Here is an essay I did for my Media Studies Level 100 course last year on discourses and Grand Theft Auto: San Andreas. Enjoy!
DISCOURSES IN SOCIETY
Grand Theft Auto: San Andreas is one of the best selling games available that plays with discourses in society. GTA: SA uses satire to reveal discourses in capitalist societies, delving into social satire and the justice society. American culture is mocked using America’s obesity problem and violent gang behaviour. GTA: SA uses parody and self-reflexivity to mock different discourses in media and game culture. San Andreas deals with discourses in a variety of ways, and in the end do we all just take ourselves too seriously by adapting strictly to certain discourses at work?
Social Discourses play a role in each of our lives every day in many different situations. From how you behave in public transport to how you act at a party or talk at a formal meeting. There are expectations in play, and anything you do outside these expectations may cast you off as an outsider. Angenot says, discourses “systematically form’ the objects of which they speak”, (1979). With the recent emergence of video games becoming more than just spaceships on a screen, discourses have worked themselves into games whether they are reflections of our normal reality or ones created specifically for games.
Grand Theft Auto: San Andreas is the latest game in the popular Grand Theft Auto franchise. Set in the fictional state of San Andreas, GTA: SA is a parody of American culture, featuring town look-alikes, Los Santos (Los Angeles), San Fierro (San Francisco), and Las Venturas (Las Vegas). The main playable character is named Carl Johnson (CJ) and is back in San Andreas after leaving gang life, only to return much later to work with his old gang members after being framed for his mother’s death. The key aspect to the Grand Theft Auto games is the sandbox style gameplay. Players experience the freedom of doing anything they want in a living, breathing artificial world.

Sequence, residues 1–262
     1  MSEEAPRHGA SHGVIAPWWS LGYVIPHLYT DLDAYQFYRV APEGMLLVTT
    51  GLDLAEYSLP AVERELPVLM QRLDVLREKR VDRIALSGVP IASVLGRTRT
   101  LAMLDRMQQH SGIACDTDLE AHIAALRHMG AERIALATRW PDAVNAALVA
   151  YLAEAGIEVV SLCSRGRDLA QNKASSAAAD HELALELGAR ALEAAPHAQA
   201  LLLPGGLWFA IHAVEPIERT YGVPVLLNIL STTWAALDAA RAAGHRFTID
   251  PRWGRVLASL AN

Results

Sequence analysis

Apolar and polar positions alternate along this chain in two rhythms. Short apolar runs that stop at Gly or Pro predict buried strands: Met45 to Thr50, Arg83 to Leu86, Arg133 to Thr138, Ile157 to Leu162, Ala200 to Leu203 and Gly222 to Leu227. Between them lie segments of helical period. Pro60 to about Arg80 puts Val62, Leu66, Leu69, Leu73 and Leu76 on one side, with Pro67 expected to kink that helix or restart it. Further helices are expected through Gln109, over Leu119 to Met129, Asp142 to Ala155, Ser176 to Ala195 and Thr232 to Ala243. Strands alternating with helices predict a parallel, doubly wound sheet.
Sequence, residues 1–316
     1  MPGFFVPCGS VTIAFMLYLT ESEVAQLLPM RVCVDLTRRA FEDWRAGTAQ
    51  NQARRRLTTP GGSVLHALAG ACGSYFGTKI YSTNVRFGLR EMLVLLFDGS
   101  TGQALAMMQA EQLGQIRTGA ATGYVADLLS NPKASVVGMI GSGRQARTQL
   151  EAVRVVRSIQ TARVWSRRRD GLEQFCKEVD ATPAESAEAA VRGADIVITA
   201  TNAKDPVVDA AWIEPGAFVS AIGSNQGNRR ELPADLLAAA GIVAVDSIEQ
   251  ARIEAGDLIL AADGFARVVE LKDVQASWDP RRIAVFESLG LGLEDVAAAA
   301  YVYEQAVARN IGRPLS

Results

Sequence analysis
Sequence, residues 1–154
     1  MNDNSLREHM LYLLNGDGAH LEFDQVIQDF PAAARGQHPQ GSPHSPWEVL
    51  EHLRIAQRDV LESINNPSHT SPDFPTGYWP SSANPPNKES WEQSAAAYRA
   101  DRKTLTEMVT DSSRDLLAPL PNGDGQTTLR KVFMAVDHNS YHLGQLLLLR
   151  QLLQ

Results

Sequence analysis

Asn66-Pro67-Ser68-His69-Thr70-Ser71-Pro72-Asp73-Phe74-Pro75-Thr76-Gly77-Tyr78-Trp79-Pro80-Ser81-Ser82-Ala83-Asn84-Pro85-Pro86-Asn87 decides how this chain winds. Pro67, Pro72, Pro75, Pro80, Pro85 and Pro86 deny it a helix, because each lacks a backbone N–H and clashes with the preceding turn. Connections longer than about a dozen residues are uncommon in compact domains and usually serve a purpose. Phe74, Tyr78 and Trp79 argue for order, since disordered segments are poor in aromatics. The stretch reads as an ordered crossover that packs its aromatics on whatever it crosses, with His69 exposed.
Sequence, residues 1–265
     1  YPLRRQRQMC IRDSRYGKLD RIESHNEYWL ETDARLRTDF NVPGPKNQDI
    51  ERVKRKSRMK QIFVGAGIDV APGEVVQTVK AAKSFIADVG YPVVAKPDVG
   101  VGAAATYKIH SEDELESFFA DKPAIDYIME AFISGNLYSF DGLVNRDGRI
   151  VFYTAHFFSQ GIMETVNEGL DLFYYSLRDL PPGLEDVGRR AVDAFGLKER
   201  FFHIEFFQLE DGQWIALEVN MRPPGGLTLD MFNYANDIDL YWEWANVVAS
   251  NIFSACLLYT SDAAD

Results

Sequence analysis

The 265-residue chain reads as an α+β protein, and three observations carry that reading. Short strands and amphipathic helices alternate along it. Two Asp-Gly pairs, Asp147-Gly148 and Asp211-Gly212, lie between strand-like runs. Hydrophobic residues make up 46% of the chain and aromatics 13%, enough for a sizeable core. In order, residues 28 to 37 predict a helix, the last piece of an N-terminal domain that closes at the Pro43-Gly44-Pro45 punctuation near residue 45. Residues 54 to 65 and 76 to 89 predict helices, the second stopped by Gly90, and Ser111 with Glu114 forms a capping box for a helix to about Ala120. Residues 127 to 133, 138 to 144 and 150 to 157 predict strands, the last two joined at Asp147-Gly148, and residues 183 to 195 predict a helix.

Taylor goes to say most action games are stripped of social relevance and have no political or social contexts. And this is not just because of setting differences; a lot of so called ‘real world’ games may be based on real life but where is the context? GTA’s satirical examination of society is a new thing in games and the only way forward if games want to stand alongside film and television as an art form. The way GTA: SA uses social satire is very much like South Park and Family Guy, using satire to criticize modern-day social structures. GTA: SA is a game, but at the same time, also a social critique.
Unger and Kingsley examine the discourse behind illegal behaviour in GTA: SA. In order for the player to gain access to cars, CJ has to jack the cars outside the view of police, as this is seen as an illegal activity. Car jacking violates the authoritative voice of the law. But in GTA it is a necessary task, and the “indirect discourse” pushes the player to move away